Sunday, November 19, 2017

How to fix the wrong-start-page-problem when occurring with Firefox browser

Recently, my Firefox browser always opened with a start page (or startup page) displaying content from a third-party provider I never had invited to do so.

I fixed this problem in three quick steps:
  1. Open the desired start page in sabotaged Firefox browser.
  2. Select and drag the URL string from the address bar to the Home button in the toolbar. 
  3. When asked “Do you want this document to be your new home page?”, click Yes.
Now, my desired start page comes up each time, when I launch Firefox.

Note: I experienced some confusion about the terms “home page” and “start(up) page” when consulting different tutorial or support websites. My understanding is that one may set one's home page as a browser start page, but does not have to. Personally, I like to have a search engine page as my browser start page; neither my home page nor a browser-enforced page.

Friday, November 10, 2017

Upgrading to pgAdmin 4 on Windows: issue with contacting the local server solved!

Recently, I upgraded to PostgreSQL 10 and pgAdmin 4 on Windows 10. When I started pgAdmin 4 from the All apps list in the Start menu, pgAdmin did not start as expected and a message was displayed that the PostgreSQL server could not be contacted!

How to fix that? Fortunately, it turned out to be easy. I inspected the AppData\Roaming\pgAdmin folder within my Windows user account home folder and realized that it contained various files and folders. After moving all of them into the Recycle Bin, I was able to restart pgAdmin successfully.

Maybe, data stored and dumped while working with a prior pgAdmin version interfere with version 4. Then, to avoid pgAdmin4 start-up errors has a simple one-step fix (the way it worked for me as described above):

Remove all files and folders from your AppData\Roaming\pgAdmin folder. This folder has the path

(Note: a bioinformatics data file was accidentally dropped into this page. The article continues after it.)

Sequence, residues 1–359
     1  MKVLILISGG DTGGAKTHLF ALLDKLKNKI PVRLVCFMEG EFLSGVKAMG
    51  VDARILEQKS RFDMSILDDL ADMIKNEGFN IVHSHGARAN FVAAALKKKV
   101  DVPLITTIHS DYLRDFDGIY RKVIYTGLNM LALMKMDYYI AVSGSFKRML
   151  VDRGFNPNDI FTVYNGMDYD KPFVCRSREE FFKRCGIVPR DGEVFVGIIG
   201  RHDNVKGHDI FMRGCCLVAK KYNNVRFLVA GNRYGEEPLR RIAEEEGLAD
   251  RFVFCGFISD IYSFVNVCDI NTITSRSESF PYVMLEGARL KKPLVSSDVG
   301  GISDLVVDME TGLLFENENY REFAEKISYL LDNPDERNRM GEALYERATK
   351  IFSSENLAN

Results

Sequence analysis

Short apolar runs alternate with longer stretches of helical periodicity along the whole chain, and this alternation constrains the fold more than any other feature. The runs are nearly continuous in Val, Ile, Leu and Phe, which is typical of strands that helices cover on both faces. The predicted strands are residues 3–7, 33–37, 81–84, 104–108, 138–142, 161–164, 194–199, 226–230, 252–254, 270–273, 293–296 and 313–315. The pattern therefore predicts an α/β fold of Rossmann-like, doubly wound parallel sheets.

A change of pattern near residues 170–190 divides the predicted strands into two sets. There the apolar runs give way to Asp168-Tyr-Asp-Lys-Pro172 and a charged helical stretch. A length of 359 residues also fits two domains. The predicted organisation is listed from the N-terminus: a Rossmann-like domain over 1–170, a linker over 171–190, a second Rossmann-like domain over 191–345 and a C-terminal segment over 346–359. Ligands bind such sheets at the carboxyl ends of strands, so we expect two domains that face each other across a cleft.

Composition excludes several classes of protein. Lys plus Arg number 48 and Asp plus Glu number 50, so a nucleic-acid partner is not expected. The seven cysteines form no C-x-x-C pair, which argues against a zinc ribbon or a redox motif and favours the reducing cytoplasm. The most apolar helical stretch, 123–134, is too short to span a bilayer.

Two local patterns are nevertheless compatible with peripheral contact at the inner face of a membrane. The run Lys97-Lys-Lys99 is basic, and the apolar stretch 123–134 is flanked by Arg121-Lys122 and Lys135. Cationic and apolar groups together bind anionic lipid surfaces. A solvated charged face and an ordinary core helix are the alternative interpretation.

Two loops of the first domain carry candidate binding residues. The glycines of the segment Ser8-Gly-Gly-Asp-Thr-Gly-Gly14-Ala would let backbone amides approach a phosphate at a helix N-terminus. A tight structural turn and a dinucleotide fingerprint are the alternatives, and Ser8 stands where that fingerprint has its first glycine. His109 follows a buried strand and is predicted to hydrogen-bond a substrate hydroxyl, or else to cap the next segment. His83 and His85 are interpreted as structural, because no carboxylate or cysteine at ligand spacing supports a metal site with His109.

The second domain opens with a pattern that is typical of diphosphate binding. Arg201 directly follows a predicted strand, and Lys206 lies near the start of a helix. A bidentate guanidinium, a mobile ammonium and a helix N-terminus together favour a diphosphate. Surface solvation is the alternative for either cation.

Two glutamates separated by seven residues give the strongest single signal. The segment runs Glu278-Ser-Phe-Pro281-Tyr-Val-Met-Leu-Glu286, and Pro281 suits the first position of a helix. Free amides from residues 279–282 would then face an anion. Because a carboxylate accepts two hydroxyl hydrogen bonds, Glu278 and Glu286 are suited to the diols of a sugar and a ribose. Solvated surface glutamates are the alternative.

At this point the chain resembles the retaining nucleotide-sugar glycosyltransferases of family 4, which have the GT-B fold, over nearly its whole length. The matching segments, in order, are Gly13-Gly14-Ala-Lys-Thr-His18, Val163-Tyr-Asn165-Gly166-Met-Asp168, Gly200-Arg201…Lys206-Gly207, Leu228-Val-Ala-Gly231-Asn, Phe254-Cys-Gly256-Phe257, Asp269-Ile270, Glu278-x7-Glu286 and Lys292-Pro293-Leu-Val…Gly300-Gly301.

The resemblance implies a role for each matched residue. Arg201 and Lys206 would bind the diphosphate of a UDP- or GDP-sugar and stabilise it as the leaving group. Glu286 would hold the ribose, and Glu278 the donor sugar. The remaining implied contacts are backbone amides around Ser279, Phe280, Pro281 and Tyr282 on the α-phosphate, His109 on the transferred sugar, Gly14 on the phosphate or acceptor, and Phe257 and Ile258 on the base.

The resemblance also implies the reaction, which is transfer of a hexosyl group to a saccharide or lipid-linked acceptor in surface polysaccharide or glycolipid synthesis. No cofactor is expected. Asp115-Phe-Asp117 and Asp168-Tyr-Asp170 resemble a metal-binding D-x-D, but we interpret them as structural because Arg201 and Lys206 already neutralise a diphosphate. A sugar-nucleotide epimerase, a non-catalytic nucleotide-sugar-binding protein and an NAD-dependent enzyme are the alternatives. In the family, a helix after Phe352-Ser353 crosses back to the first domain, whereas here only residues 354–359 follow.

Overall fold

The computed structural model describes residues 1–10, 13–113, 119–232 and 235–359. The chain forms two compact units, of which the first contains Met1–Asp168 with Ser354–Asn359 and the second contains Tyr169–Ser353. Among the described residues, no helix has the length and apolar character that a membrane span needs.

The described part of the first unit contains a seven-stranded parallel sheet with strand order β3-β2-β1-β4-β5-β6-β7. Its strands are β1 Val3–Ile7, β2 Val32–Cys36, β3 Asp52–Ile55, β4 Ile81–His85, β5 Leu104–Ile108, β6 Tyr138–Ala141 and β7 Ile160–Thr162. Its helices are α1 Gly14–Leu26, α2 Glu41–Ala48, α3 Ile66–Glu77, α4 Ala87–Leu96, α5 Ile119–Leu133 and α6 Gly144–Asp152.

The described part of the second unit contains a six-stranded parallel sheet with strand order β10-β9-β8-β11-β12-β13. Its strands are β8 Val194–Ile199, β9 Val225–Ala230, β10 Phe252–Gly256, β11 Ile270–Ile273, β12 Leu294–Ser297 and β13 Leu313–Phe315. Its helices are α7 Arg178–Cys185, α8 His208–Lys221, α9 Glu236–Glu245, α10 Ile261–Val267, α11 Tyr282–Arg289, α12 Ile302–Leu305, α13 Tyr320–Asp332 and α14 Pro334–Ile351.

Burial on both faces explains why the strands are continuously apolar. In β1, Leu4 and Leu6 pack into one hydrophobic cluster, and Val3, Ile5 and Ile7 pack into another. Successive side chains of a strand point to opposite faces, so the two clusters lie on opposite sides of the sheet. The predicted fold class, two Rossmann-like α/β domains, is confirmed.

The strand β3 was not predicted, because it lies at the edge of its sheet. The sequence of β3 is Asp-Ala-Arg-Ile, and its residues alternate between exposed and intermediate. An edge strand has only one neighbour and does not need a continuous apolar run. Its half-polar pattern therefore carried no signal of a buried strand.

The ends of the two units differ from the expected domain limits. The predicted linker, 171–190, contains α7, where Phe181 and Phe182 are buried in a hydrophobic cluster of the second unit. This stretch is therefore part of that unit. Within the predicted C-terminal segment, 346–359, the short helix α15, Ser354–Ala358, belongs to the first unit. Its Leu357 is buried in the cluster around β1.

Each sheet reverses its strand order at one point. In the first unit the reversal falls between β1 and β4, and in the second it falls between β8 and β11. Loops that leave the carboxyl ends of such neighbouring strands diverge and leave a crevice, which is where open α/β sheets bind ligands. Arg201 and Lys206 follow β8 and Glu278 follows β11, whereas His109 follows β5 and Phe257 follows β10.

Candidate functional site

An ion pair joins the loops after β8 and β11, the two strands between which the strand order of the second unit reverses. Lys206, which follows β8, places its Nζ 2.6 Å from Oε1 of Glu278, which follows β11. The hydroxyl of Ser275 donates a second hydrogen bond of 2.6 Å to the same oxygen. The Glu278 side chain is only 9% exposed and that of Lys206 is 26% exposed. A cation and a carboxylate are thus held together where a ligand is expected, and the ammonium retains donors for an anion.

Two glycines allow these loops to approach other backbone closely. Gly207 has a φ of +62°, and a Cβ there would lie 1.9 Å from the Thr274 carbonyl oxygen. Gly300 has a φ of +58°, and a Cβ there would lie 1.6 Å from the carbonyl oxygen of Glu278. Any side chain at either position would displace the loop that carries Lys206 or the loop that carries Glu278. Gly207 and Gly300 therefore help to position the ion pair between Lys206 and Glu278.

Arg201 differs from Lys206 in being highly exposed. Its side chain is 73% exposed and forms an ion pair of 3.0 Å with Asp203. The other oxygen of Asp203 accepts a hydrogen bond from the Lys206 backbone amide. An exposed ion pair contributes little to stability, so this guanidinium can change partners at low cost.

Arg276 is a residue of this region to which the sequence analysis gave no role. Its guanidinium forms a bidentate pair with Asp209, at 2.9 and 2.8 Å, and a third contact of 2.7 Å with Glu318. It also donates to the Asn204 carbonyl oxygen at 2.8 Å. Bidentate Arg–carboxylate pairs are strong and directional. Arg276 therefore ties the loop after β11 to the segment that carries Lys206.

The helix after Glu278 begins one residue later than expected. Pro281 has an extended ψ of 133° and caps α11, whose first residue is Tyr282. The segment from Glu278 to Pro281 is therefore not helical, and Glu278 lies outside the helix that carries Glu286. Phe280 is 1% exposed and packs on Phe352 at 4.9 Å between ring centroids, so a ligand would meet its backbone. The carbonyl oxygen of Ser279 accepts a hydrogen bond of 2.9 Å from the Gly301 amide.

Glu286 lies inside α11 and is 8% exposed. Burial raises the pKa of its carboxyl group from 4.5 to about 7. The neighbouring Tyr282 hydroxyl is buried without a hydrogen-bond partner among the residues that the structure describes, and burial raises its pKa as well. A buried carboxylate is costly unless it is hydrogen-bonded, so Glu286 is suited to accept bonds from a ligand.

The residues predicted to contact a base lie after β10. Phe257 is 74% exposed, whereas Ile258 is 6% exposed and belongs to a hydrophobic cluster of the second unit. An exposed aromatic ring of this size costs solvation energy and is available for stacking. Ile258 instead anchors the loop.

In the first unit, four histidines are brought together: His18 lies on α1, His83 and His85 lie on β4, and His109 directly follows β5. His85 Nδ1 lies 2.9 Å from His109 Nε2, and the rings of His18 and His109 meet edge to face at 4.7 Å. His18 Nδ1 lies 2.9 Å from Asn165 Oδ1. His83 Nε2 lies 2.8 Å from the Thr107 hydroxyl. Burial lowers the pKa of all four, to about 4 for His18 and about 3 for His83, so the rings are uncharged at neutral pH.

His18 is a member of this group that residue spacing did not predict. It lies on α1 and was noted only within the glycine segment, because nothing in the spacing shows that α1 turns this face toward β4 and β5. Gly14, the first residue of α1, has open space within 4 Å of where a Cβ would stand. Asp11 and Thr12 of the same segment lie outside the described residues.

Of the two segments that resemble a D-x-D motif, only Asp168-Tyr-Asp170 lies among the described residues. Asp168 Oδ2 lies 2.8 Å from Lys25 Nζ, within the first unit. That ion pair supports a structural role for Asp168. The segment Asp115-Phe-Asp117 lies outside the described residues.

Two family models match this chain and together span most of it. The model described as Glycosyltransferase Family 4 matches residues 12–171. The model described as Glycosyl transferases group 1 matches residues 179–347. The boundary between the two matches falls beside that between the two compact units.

C:\Users\YourUserName\AppData\Roaming\pgAdmin

with YourUserName being—well—your user name. If you still want to switch back to an older pgAdmin version previously installed and run on your computer, you should keep the removed files in storage—just in case..

Thursday, June 1, 2017

How to tweet the URL of a web page successfully with a “Large Image Summary Card”

Example of a “Large Image Summary Card for an HTML document featuring Meeks Creek Falls, a waterfall in California's Desolation Wilderness

On Twitter users tweet short text—microposts.

You want to enhance your tweet with an image? Post it along with your tweet (see Posting photos or GIFs on Twitter).

You want to enhance your tweet with an URL of an exciting web page plus an illustrating image?  Use Twitter Cards.

Frequently, I design an image page (photo page): a web page (HTML document) that contains an image annotated with some informative text. I like to include such pages in Twitter posts by presenting the targeted image with descriptive text—microannotation. This stirs up reader's curiosity and invites them to click through. To achieve this, I employ Twitter's “Large Image Summary Card” technology (see Summary Card with Large Image).

Here, I'll demonstrate how it works (how it worked for me, anyway).  Follow these straightforward steps:

1. Add specific HTML meta tags to your web page.
2. Run the URL of the page through Twitter's card validator tool.